Private school, public bike.

Being Friday, and feeling a little on the sleepy side, I decided to take a stroll down the road and see what I could see. The first cycling site I sighted was a ghost rider, well, a ghost bike rider. A young chap riding an all white fixie, brakeless and helmetless, it seemed like he was aiming for the ghost bike style to carry him across the divide between life and death. Seconds later in the peloton came a fully decked out semi-pro riding some obscenely expensive road bike who zipped past the ghost fixie rider with disdain. Unfortunately this happened all too quickly for me to snap any pictures of them, which is a shame as I went out to see if I could get any good bike-related photos. But before I was able to abandon all hope, I spotted a couple spotty private school kids, one of them locking up what looked to be a good old fixie conversion.
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As you can see from this revealing image, the young man is rocking the bike-messenger style, as well as he can in his exclusive school uniform. Crumpler bags go with anything though. As these two lads went off to do whatever private school boys do on a Friday afternoon, I sneakily creeped over the road to have a closer look at the machine. Disappointingly, the bike was only some crappy old steel frame conversion, yet another example of a bike with a single component being of considerably higher value than the rest of the bike combined. of course I am speaking of the electric blue Velocity Deep V on the rear. The frame was shoddily painted black, but the also shoddily applied bar tape beautifully matched the electric blue Deep V. I was a little disappointed he hadn’t carried out his blinged out colourway any further, the chain and the saddle could have helped to take this bike to the next level.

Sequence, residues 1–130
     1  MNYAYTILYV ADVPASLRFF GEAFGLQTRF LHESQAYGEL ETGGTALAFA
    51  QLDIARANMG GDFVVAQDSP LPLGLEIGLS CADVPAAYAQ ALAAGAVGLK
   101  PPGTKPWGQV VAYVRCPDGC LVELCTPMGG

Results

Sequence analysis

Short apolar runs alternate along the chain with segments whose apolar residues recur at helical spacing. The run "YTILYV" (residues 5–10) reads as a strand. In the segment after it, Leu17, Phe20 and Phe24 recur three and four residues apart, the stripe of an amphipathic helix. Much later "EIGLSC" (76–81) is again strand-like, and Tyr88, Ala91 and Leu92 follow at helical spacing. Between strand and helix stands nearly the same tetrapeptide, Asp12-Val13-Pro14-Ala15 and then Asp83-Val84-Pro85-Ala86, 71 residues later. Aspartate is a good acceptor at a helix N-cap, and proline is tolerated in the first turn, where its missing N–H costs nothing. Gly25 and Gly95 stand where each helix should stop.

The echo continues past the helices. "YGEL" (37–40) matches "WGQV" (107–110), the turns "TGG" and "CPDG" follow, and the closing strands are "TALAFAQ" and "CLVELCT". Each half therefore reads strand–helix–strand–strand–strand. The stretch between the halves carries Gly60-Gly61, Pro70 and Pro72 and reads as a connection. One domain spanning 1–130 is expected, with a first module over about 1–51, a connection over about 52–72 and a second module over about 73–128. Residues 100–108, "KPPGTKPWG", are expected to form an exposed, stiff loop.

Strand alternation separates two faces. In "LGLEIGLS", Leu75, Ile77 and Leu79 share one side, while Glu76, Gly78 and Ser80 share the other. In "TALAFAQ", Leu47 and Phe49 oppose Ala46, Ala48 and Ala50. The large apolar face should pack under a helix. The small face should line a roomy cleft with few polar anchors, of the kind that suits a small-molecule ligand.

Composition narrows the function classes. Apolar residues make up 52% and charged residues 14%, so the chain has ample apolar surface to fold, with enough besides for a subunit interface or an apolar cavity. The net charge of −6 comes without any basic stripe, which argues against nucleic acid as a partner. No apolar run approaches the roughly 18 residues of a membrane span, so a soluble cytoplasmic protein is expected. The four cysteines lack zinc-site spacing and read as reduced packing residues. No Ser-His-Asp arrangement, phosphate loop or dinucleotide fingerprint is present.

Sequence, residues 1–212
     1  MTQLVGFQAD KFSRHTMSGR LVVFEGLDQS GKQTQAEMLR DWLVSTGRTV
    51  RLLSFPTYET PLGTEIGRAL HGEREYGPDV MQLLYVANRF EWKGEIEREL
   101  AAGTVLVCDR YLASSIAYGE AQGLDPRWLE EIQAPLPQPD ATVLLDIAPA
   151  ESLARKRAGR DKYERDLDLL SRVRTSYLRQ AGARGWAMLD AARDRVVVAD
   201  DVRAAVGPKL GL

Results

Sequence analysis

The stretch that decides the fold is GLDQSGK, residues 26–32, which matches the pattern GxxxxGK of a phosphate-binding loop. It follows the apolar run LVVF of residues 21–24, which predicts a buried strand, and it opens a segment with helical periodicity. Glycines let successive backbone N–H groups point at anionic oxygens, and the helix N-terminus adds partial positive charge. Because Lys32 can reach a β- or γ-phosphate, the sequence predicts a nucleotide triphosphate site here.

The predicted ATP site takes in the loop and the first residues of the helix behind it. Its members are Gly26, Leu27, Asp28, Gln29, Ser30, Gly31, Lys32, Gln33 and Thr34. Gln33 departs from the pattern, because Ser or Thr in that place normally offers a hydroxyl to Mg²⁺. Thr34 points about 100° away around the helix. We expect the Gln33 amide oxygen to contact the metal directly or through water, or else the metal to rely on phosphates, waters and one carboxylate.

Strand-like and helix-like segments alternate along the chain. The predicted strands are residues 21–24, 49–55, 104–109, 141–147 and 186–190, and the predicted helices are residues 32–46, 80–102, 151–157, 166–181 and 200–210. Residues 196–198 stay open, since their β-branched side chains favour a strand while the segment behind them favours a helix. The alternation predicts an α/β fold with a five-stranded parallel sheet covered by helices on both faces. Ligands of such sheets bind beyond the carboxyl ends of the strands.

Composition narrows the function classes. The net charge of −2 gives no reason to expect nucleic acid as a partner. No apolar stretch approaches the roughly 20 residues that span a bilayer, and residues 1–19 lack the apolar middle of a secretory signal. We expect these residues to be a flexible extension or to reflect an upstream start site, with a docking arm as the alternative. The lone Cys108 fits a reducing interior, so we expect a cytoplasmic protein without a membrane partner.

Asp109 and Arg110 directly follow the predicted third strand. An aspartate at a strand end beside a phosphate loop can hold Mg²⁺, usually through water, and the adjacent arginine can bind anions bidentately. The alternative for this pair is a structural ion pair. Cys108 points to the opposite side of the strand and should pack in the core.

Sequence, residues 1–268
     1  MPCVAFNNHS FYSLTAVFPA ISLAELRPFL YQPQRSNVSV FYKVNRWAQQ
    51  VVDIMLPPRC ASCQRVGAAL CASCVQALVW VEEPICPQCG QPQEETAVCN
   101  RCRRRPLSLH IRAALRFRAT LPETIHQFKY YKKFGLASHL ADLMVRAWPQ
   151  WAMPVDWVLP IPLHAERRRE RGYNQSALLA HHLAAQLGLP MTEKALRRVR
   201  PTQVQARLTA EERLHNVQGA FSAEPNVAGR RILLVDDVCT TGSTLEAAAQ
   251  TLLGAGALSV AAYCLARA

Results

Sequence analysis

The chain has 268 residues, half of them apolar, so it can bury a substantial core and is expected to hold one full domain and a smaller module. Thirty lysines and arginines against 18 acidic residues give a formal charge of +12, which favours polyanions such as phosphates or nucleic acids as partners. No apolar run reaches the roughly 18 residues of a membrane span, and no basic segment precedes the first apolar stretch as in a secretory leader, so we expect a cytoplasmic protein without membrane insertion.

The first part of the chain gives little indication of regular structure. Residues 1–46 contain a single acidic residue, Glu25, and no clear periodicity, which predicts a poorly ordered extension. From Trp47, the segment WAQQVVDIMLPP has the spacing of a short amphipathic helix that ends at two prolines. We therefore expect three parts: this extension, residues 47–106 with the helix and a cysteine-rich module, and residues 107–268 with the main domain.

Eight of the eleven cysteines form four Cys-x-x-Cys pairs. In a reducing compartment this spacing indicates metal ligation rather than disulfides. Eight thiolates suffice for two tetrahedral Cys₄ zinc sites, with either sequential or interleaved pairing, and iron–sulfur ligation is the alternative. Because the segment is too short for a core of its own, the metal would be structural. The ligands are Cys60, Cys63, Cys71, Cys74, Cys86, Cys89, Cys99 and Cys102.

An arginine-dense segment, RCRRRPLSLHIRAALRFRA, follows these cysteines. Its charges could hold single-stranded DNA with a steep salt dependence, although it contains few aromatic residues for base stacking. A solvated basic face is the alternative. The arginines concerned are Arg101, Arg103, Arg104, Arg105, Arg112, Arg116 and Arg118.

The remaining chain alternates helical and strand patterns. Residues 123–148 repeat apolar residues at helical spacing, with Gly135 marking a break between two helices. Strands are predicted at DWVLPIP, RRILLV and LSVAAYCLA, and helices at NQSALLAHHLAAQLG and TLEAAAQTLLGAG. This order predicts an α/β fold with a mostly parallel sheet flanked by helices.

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When you start adding expensive components to crappy bikes, it makes the bike look even crappier. I guess he is just a kid, but surely private school boys can just ask their parents for a fancy track bike, or at least a shop bought one. I suppose it is actually a good thing that he has converted an old steel frame instead of buying one off the rack at where the hell ever you buy these bikes. I should also draw attention to the fashionable brake lever mounting style that adorned this beast. It was a good old fashioned right side mounted left brake lever, designed to be just that little bit awkward to use. This seemed a little silly, seeing as he was riding a flip flop hub which was flip flopped to the free wheel side. I am always amazed at non-fixed gear cyclists who only use the front brake. I completely understand that the majority of braking power is in the front brake, and I use my front brake 90% of the time, but it is those occasions when something unforeseen happens that I tend to use BOTH brakes in order to stop quickly without flying over the handlebars. Anyway, I don’t mean to be a grumpy old man, and all the best to everyone out there riding whatever configurations that work for you. As I said at the start of the post, I’m sleepy.

Until next time, ride safe.

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